Open Access

Decreased expression levels of Ifi genes is associated to the increased resistance to spontaneous arthritis disease in mice deficiency of IL-1RA

Contributed equally
BMC ImmunologyBMC series – open, inclusive and trusted201617:25

https://doi.org/10.1186/s12865-016-0163-y

Received: 31 March 2016

Accepted: 12 July 2016

Published: 2 August 2016

Abstract

Background

The mouse strain BALB/c deficient in IL-1 receptor antagonist protein (Il-1ra) develops spontaneous arthritis disease (SAD) while the strain DBA/1 IL1rn -/- with the same deficiency does not. Previously, we mapped a QTL on chromosome 1 for SAD and then developed a congenic mouse strain BALB.D1-1-/- that contains the QTL genomic fragment associated with resistance from DBA/1-/- on a BALB/c-/- background. The congenic strain was relatively resistant to spontaneous arthritis and had delayed onset and reduced severity of disease. We obtained whole genome expression profiles from the spleen of the congenic strain BALB.D1-1-/- and four other strains, the wild type BALB/c, DBA/1 and the deficient DBA/1 IL1rn -/- and the BALB/c IL1rn -/-. We then compared the similarities and differences between the congenic strain and the four parental strains. Here we report the selected potential causal genes based on differential expression levels as well as function of genes.

Results

There is a considerable number of genes that are differentially expressed between the congenic strain and the three parental strains, BALB/c, DBA/1, and DBA/1-/-. However there only a few differentially expressed genes were identified by comparing the congenic strain and the BALB/c-/-strain. These differentially expressed genes are mainly from T-cell receptor beta chain (Tcrb) and interferon-activatable protein (Ifi) genes. These genes are also differentially expressed between congenic strain and BALB/c strains. However, their expression levels in the congenic strain are similar to that in DBA/1 and DBA/1-/-. The expression level of Tcrb-j gene is positively associated with two genes of Ifi gene 200 cluster.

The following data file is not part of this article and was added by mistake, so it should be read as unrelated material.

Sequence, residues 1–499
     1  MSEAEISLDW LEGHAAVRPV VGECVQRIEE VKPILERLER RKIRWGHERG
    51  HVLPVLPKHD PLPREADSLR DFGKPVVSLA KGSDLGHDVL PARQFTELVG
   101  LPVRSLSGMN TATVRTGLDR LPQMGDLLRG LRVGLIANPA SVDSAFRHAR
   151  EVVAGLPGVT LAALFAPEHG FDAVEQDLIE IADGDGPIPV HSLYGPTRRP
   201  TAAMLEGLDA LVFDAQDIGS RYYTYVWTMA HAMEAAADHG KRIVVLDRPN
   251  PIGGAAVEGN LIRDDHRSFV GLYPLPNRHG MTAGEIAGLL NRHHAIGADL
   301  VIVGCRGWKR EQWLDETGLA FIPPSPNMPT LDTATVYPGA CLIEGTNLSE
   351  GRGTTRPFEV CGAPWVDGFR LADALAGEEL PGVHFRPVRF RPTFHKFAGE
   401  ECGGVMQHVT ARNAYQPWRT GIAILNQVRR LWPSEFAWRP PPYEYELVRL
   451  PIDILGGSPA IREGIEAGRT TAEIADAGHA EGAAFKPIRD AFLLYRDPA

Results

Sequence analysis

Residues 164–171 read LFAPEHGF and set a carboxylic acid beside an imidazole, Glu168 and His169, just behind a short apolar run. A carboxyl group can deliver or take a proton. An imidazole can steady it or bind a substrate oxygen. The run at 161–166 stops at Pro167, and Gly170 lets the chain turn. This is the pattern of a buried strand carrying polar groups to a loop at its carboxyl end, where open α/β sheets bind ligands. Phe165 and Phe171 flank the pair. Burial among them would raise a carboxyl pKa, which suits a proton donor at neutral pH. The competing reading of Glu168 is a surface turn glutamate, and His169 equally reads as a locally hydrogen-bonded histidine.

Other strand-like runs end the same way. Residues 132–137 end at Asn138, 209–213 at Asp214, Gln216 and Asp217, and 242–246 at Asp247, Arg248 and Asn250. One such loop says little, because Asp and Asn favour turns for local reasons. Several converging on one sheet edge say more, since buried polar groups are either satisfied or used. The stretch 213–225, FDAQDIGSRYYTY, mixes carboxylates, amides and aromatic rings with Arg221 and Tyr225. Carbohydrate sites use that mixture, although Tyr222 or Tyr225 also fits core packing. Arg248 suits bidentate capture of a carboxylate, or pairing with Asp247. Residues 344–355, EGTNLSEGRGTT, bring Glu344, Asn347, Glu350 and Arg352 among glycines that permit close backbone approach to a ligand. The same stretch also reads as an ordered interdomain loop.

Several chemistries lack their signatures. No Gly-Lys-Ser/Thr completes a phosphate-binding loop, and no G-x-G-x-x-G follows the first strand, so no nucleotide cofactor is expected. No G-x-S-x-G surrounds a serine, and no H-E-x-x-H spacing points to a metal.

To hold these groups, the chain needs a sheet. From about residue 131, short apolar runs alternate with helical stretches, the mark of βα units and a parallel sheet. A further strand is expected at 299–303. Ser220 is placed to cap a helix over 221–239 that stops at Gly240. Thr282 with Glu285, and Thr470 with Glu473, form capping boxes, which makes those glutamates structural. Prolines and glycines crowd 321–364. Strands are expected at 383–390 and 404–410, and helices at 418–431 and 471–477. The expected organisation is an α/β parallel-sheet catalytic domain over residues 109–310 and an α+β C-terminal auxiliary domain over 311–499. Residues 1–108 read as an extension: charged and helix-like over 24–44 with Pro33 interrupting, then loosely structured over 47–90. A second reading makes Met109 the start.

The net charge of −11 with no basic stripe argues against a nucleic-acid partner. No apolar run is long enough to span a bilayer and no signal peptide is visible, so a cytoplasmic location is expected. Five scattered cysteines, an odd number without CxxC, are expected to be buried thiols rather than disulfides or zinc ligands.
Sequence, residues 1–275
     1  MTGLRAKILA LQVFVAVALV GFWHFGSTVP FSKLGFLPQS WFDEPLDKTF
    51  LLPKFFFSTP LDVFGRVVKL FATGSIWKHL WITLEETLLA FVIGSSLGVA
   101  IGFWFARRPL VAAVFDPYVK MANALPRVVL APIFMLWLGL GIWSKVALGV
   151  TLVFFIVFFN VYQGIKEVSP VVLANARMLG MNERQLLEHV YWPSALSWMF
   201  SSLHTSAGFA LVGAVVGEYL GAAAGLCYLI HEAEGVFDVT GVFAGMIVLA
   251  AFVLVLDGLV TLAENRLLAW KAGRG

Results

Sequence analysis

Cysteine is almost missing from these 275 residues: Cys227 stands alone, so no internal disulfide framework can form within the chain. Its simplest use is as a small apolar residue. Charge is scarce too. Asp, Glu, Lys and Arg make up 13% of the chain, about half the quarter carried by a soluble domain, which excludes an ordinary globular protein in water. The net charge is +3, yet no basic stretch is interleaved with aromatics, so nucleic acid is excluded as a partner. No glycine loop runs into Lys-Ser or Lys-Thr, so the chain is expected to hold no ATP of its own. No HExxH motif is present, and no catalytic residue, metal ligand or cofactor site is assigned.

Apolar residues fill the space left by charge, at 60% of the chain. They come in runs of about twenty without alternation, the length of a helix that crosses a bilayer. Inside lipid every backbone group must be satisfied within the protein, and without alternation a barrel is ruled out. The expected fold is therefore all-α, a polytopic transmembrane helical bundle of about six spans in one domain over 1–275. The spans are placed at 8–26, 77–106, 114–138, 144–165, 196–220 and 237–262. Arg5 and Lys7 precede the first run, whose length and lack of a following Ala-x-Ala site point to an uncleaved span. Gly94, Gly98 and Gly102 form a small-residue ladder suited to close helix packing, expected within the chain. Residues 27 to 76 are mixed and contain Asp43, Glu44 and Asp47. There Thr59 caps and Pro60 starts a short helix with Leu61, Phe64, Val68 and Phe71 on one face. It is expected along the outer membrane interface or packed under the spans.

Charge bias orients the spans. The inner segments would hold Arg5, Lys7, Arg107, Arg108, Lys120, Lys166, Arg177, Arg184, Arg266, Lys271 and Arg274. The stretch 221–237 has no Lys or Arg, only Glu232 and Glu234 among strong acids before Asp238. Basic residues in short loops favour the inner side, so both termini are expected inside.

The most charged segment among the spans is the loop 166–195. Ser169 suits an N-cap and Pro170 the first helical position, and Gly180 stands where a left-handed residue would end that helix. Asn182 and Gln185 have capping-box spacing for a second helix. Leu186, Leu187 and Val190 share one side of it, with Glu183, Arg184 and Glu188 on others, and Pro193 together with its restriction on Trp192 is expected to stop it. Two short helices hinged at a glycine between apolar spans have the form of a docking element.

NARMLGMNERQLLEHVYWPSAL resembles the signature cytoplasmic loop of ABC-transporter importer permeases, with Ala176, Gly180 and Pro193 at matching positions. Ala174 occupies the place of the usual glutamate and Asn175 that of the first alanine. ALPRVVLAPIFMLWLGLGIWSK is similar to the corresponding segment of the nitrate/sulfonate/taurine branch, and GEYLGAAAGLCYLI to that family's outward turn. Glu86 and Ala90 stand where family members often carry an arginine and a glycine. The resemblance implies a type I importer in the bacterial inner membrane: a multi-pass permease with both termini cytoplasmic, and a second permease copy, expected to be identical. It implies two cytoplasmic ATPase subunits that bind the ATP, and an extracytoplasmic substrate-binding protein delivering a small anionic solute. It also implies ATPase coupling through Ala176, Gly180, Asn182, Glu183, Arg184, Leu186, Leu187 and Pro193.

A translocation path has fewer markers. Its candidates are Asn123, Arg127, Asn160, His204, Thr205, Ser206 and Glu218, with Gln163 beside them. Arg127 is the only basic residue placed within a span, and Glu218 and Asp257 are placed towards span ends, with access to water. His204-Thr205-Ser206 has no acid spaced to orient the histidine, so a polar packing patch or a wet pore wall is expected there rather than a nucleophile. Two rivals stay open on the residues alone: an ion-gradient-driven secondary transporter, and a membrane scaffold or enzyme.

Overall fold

Conclusions

Decreased expression levels of Ifi genes is associated to the increased resistance to spontaneous arthritis disease and with down regulation of expressions of Tcrb genes in the mouse congenic strain. Ifi genes may play an important role in the susceptibility to SAD in mice.

Background

Identification of genes that regulate susceptibility to arthritis is essential in the selection of molecular targets for therapeutic application. The primary locus regulating collagen induced arthritis (CIA) was found to be within the major histocompatibility complex (MHC) loci [15]. This was expected because it was established that CIA in both rats and mice is MHC-linked [610]. Tremendous research has been done on the study of molecular mechanism of CIA model [1115]. However, a considerable contribution to the arthritis is caused by a non-MHC-linked molecular mechanism [1623]. Many non-MHC-linked loci have been identified [19, 22, 23], yet the causal genes for these QTL have not been known. Understanding of genes that regulate susceptibility to non-MHC-linked arthritis is essential for—the selection of molecular targets for therapy for non MHC-linked arthritis.

BALB/c and DBA/1 are important pairs of mouse strains. BALB/c and DBA/1 and C57B6/J mice share the same MHC (H-2d) haplotype; however, at the whole genome level they are genetically distant [17, 24]. In the mouse model, with a standard protocol, CIA is induced in DBA/1 and B6 [3, 10, 11, 25]. Under the same standard protocol, CIA could not be induced in BALB/c mice. The spontaneous arthritis (SAD) occurs in interleukin-1 (IL-1) receptor antagonist (IL-1rn) -deficient mice, which is dependent on non-MHC genetic bases [25, 26].